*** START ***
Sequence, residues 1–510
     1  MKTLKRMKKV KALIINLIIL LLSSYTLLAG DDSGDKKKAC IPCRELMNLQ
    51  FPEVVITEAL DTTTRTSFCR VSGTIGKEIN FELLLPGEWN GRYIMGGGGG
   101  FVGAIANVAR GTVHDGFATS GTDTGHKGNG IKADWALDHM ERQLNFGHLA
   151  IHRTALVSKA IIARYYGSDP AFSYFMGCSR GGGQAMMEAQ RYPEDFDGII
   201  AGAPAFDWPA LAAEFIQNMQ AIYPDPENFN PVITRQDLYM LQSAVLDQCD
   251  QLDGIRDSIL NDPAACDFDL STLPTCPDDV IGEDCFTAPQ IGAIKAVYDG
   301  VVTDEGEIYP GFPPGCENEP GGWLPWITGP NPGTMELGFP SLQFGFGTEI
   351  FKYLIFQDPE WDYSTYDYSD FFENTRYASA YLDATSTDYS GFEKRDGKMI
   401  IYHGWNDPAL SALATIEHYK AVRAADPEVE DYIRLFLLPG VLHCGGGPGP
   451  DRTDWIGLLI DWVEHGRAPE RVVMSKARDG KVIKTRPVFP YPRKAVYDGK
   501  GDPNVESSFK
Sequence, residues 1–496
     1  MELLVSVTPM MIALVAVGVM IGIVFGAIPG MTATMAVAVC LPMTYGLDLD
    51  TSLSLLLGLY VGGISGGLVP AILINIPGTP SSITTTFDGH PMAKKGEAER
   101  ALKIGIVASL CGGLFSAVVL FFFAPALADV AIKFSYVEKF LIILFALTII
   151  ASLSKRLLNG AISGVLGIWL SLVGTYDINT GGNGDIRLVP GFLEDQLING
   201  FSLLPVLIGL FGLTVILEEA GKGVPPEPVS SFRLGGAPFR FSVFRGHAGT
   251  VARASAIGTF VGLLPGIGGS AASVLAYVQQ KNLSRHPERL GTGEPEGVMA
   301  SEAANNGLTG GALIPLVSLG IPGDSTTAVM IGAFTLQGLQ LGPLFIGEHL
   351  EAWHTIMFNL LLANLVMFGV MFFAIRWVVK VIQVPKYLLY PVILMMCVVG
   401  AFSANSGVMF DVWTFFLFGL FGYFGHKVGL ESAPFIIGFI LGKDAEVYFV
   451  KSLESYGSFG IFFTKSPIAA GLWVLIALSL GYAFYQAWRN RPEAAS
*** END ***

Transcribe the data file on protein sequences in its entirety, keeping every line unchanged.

Sequence, residues 1–510
     1  MKTLKRMKKV KALIINLIIL LLSSYTLLAG DDSGDKKKAC IPCRELMNLQ
    51  FPEVVITEAL DTTTRTSFCR VSGTIGKEIN FELLLPGEWN GRYIMGGGGG
   101  FVGAIANVAR GTVHDGFATS GTDTGHKGNG IKADWALDHM ERQLNFGHLA
   151  IHRTALVSKA IIARYYGSDP AFSYFMGCSR GGGQAMMEAQ RYPEDFDGII
   201  AGAPAFDWPA LAAEFIQNMQ AIYPDPENFN PVITRQDLYM LQSAVLDQCD
   251  QLDGIRDSIL NDPAACDFDL STLPTCPDDV IGEDCFTAPQ IGAIKAVYDG
   301  VVTDEGEIYP GFPPGCENEP GGWLPWITGP NPGTMELGFP SLQFGFGTEI
   351  FKYLIFQDPE WDYSTYDYSD FFENTRYASA YLDATSTDYS GFEKRDGKMI
   401  IYHGWNDPAL SALATIEHYK AVRAADPEVE DYIRLFLLPG VLHCGGGPGP
   451  DRTDWIGLLI DWVEHGRAPE RVVMSKARDG KVIKTRPVFP YPRKAVYDGK
   501  GDPNVESSFK
Sequence, residues 1–496
     1  MELLVSVTPM MIALVAVGVM IGIVFGAIPG MTATMAVAVC LPMTYGLDLD
    51  TSLSLLLGLY VGGISGGLVP AILINIPGTP SSITTTFDGH PMAKKGEAER
   101  ALKIGIVASL CGGLFSAVVL FFFAPALADV AIKFSYVEKF LIILFALTII
   151  ASLSKRLLNG AISGVLGIWL SLVGTYDINT GGNGDIRLVP GFLEDQLING
   201  FSLLPVLIGL FGLTVILEEA GKGVPPEPVS SFRLGGAPFR FSVFRGHAGT
   251  VARASAIGTF VGLLPGIGGS AASVLAYVQQ KNLSRHPERL GTGEPEGVMA
   301  SEAANNGLTG GALIPLVSLG IPGDSTTAVM IGAFTLQGLQ LGPLFIGEHL
   351  EAWHTIMFNL LLANLVMFGV MFFAIRWVVK VIQVPKYLLY PVILMMCVVG
   401  AFSANSGVMF DVWTFFLFGL FGYFGHKVGL ESAPFIIGFI LGKDAEVYFV
   451  KSLESYGSFG IFFTKSPIAA GLWVLIALSL GYAFYQAWRN RPEAAS